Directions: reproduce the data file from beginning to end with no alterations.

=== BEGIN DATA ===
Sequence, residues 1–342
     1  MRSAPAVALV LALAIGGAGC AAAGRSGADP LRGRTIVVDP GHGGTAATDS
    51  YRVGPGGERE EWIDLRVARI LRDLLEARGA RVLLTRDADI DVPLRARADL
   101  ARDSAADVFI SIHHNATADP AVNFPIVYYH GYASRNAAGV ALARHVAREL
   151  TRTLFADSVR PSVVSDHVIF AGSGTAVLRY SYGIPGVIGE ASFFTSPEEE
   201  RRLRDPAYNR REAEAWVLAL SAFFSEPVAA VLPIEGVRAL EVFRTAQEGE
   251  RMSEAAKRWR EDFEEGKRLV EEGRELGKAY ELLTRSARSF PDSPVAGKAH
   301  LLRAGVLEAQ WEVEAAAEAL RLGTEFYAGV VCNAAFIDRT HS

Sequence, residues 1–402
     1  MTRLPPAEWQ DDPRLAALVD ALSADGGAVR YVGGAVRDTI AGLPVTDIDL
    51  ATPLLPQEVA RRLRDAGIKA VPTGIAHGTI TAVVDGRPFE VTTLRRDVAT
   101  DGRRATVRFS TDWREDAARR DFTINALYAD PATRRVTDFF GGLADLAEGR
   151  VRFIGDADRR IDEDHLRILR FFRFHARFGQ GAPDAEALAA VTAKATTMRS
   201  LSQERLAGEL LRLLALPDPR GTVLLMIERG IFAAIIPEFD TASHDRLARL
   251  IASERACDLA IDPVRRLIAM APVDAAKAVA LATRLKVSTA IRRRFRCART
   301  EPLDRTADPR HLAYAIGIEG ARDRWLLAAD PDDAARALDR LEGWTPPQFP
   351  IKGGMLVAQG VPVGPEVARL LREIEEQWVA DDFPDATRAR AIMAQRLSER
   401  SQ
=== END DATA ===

Sequence, residues 1–342
     1  MRSAPAVALV LALAIGGAGC AAAGRSGADP LRGRTIVVDP GHGGTAATDS
    51  YRVGPGGERE EWIDLRVARI LRDLLEARGA RVLLTRDADI DVPLRARADL
   101  ARDSAADVFI SIHHNATADP AVNFPIVYYH GYASRNAAGV ALARHVAREL
   151  TRTLFADSVR PSVVSDHVIF AGSGTAVLRY SYGIPGVIGE ASFFTSPEEE
   201  RRLRDPAYNR REAEAWVLAL SAFFSEPVAA VLPIEGVRAL EVFRTAQEGE
   251  RMSEAAKRWR EDFEEGKRLV EEGRELGKAY ELLTRSARSF PDSPVAGKAH
   301  LLRAGVLEAQ WEVEAAAEAL RLGTEFYAGV VCNAAFIDRT HS

Sequence, residues 1–402
     1  MTRLPPAEWQ DDPRLAALVD ALSADGGAVR YVGGAVRDTI AGLPVTDIDL
    51  ATPLLPQEVA RRLRDAGIKA VPTGIAHGTI TAVVDGRPFE VTTLRRDVAT
   101  DGRRATVRFS TDWREDAARR DFTINALYAD PATRRVTDFF GGLADLAEGR
   151  VRFIGDADRR IDEDHLRILR FFRFHARFGQ GAPDAEALAA VTAKATTMRS
   201  LSQERLAGEL LRLLALPDPR GTVLLMIERG IFAAIIPEFD TASHDRLARL
   251  IASERACDLA IDPVRRLIAM APVDAAKAVA LATRLKVSTA IRRRFRCART
   301  EPLDRTADPR HLAYAIGIEG ARDRWLLAAD PDDAARALDR LEGWTPPQFP
   351  IKGGMLVAQG VPVGPEVARL LREIEEQWVA DDFPDATRAR AIMAQRLSER
   401  SQ